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Comfort with numbers

Someone asked on Sep 16, 2018 - 2 answers

Have you met anyone who was bad with numbers but succeeded at a case interview? Are you this person? What strategies did you or this person espouse in combatting lack of quickness and comfort with numbers in prep for an interview?

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Guennael replied on Sep 17, 2018
Ex-MBB, Experienced Hire; I will teach you not only the how, but also the why of case interviews

You can success at a case interview even if you math is bad... but only if you are particularly lucky - and nobody gets lucky every single time. Consultancies will make sure to test your math skill in at least one of the interviews, if not more.

How to get better is simple however: practice. There are different ways to do so, including using one of the many specialized books or of course using PrepLounge's solid material. Personally, I used caseinterviewmath.com about 10 to 15 minutes of day for a couple of weeks; the site ranks you by accuracy and speed so you see where you stand and how much you progress.

PS: If you think you are truly bad with numbers, please don't even try to join one of the top consultancies - you'd waste everyone's time. I am sure there are highly specialized consulting shops who need more qualitative than quantitative skills, but I don't know who they are. All the largest shops will require a solid background / affinity with numbers, no two ways around this.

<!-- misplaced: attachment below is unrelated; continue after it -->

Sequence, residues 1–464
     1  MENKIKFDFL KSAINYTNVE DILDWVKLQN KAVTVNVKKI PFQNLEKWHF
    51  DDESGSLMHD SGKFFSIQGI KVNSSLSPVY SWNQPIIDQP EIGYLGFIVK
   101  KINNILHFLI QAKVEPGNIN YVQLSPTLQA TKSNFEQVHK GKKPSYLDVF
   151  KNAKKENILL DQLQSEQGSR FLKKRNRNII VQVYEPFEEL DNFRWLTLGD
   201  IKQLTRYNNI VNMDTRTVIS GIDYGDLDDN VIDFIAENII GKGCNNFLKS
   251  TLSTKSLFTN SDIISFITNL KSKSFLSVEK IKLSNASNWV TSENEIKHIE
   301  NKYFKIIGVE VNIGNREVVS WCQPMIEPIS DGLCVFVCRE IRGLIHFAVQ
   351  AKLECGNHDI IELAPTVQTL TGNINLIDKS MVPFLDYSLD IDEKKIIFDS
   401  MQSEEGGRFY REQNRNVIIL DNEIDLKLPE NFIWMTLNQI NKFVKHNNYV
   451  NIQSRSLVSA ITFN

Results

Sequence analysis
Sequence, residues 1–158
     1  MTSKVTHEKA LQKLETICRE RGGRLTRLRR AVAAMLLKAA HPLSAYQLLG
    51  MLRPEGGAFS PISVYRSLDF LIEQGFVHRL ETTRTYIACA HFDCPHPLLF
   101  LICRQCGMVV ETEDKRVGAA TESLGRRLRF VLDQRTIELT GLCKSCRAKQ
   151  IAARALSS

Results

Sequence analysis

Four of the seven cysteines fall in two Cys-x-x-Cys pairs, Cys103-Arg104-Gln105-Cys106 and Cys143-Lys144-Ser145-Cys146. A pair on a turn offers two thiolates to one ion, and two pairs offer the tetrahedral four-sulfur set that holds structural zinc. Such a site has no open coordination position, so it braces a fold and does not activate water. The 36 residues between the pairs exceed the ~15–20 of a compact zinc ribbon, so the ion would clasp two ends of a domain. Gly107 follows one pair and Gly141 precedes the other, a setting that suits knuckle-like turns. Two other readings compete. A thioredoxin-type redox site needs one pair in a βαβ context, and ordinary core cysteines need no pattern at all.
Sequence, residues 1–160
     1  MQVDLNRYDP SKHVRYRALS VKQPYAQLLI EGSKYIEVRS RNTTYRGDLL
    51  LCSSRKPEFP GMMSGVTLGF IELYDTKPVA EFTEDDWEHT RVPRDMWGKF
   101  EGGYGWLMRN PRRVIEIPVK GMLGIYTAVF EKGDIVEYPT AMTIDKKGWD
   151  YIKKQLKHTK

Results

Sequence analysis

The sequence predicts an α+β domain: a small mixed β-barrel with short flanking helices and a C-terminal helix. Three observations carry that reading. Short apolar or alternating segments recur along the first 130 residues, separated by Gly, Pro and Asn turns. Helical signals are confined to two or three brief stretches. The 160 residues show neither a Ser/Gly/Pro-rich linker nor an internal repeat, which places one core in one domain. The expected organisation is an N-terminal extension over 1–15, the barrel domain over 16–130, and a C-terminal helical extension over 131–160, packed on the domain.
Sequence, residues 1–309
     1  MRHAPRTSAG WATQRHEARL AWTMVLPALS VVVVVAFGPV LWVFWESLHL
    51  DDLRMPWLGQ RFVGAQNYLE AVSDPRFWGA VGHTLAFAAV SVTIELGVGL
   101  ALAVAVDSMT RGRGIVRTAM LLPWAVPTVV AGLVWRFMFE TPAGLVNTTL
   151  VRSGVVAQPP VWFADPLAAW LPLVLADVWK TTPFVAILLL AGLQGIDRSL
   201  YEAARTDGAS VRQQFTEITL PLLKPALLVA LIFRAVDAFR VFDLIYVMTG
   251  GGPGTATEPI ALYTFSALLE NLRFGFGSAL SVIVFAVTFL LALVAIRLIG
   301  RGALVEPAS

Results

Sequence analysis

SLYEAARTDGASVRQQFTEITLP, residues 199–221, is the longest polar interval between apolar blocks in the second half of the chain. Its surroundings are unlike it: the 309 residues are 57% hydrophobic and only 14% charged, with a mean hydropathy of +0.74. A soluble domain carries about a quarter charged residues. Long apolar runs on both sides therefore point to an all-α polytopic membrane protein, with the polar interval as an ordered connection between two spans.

Vlad replied on Sep 17, 2018
McKinsey / Accenture / Got all BIG3 offers / More than 300 real MBB cases / Harvard Business School

Hi,

I recommend to concentrate on the following:

1) Learn how to multiply double digit numbers (https://www.youtube.com/watch?v=6ndkkPZYJHo).

2) Learn how to work with zeros. You've mentioned - always use 10^power instead of zeros

Example:

300x9000 = 3*10ˆ2 x 9*10ˆ3=3x9*10ˆ(2+3)=27*10ˆ5

Handwritten it looks not that complicated. If you get used to writing all the numbers that way, you will never loosezeros and all multiplications/divisions will be replaced with + or -.

3) Learn the division table up to 1/11 (i.e. 5/6 = 83.3%). It will help you calculate any percentage problems

Good luck!